The FDA actually recommends talking to your vet about your dogs diet with any questions who may consult with a board certified veterinary nutritionist. Howard’s vet recommends steering clear of grain free foods!
There have been no new numbers released since July 2019. So who knows how many new cases there have been?
I am playing it safe and only feeding foods that have been through feeding trials and are formulated by a team of experts. For me, it is either Iams or Purina dry and wet for our dogs and Royal Canin or Purina for our cats.
Check out this site for more information: https://taurinedcm.org/
They are also associated with a very informative FB group, if interested.
Congratulations to you! A beautiful bloodhound, huh? How awesome.
You definitely feed a food that is formulated specifically for a large breed puppy. This will help ensure her joints to grow at a healthy pace.
In my opinion, I would feed either Purina ProPlan or One, Royal Canin, Eukanuba or Hill’s Large Breed Puppy food. Royal Canin might even have a formula specific for bloodhound puppies.
These companies all have done feeding trials on their foods.
I would not feed Acana. It has been associated with Dilated Cardiomyopathy in dogs. Especially larger dogs.
Good luck to you!
Wow! You have done a 180 when it comes to dog food. Welcome to the club! Isn’t it amazing that veterinarians actually know what they are talking about? 😉 Glad to hear you’ve worked out your dog’s allergies. My dogs do fine with corn as well.September 6, 2019 at 10:04 pm in reply to: Curious, what exactly constitutes "Large Breed Puppy" #145957 Report Abuse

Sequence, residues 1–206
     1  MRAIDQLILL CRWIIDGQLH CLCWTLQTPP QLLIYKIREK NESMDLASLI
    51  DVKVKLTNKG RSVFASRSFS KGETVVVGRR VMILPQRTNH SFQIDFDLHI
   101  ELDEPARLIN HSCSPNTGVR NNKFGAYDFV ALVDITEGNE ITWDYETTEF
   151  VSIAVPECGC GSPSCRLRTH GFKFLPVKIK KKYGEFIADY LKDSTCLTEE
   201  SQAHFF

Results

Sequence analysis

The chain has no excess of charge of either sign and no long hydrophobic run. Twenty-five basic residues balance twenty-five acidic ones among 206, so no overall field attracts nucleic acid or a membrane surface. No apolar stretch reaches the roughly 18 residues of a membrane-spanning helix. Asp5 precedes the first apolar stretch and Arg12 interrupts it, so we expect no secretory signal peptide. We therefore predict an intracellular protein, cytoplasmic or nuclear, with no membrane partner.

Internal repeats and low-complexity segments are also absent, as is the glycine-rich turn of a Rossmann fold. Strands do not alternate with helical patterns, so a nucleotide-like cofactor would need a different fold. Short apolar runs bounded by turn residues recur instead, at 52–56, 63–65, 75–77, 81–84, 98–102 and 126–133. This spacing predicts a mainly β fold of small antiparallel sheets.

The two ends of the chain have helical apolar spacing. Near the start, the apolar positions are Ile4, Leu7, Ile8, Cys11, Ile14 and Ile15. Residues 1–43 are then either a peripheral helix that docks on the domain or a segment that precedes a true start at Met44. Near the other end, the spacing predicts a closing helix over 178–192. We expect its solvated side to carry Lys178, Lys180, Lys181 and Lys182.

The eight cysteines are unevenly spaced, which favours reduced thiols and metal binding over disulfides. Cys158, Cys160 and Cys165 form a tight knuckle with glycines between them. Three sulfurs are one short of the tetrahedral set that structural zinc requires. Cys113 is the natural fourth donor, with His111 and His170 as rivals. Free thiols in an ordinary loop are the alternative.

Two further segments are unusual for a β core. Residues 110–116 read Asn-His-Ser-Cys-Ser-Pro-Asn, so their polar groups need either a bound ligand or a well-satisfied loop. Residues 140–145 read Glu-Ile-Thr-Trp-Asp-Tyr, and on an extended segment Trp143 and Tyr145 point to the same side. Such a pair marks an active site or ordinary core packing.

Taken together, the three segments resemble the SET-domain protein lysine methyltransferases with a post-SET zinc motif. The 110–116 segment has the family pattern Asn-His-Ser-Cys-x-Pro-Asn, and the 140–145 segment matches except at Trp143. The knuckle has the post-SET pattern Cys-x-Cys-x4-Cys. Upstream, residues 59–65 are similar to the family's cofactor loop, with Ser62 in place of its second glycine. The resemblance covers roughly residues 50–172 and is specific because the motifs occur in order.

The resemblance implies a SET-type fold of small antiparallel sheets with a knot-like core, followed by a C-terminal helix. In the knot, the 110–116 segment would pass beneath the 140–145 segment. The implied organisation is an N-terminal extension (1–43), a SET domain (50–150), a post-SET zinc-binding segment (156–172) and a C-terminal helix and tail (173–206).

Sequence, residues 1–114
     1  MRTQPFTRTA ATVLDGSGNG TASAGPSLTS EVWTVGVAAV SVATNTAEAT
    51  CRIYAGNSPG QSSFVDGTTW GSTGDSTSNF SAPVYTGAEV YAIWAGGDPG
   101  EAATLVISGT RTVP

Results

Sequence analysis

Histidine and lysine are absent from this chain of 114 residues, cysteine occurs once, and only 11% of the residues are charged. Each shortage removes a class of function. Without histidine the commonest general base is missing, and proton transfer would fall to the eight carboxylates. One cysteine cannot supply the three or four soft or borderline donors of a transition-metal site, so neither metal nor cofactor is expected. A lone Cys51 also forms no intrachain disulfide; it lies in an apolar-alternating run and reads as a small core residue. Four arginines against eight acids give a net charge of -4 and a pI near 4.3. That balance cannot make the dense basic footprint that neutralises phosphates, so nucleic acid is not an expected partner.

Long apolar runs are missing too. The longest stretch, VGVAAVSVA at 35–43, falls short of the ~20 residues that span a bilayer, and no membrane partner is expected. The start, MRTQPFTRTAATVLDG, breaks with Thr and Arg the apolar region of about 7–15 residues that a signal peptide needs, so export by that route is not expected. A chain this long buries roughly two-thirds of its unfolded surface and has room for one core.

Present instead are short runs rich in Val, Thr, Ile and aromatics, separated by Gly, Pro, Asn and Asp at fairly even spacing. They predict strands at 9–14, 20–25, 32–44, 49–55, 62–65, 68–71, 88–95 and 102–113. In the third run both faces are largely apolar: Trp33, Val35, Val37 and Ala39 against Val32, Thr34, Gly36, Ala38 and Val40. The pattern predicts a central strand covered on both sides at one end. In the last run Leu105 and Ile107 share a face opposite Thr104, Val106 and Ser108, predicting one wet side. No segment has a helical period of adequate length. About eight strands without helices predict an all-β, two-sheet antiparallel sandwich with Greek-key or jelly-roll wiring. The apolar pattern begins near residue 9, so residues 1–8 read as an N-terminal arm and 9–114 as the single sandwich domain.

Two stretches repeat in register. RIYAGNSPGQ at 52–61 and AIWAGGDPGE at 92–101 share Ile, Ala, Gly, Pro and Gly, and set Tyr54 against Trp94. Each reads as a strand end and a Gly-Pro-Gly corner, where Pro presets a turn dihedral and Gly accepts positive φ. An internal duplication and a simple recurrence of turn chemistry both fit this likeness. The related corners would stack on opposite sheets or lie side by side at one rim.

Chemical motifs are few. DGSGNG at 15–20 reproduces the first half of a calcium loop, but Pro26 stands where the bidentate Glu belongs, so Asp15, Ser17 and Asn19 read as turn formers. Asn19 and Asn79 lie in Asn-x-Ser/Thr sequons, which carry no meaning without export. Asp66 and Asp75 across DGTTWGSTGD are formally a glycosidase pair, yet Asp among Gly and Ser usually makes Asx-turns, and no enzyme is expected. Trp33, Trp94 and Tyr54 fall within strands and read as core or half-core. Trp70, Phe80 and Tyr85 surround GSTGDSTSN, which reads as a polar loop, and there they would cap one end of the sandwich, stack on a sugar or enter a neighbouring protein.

Congratulations on your new furry family member! Large breed pups are dogs that will be over 50 or 60 pounds when they are full grown. It doesn’t look like the new puppy will be that big. But, you could always feed a large breed puppy food if you are not sure.
I only feed my pets food that are WSAVA compliant. They are Royal Canin, Eukanuba, Iams, Purina, and Hill’s. They all sell puppy food that would be great for your new addition. I feed my dogs mostly Purina ProPlan. They are doing great! Good luck!
I think that Purina ProPlan Large Breed Puppy would be a better choice. It has the correct calcium and phosphorous to keep your growing puppy’s joints healthy!
Good luck with our precious pup. Labs are the best!August 27, 2019 at 5:54 pm in reply to: FDA names 16 brands of dog food linked to canine heart disease #145457 Report Abuse
The FDA actually does not know what is causing the issue yet. This is taken right from your link:
13. Does the FDA know what it is about these foods that may be connected to canine DCM?
At this time, it is not clear what it is about these diets that may be connected to DCM in dogs. There are multiple possible causes of DCM. Taurine deficiency is well-documented as a potential cause of DCM, but it is not the only cause of DCM. Nutritional makeup of the main ingredients or how dogs process them, main ingredient sourcing, processing, amount used, or other factors could be involved.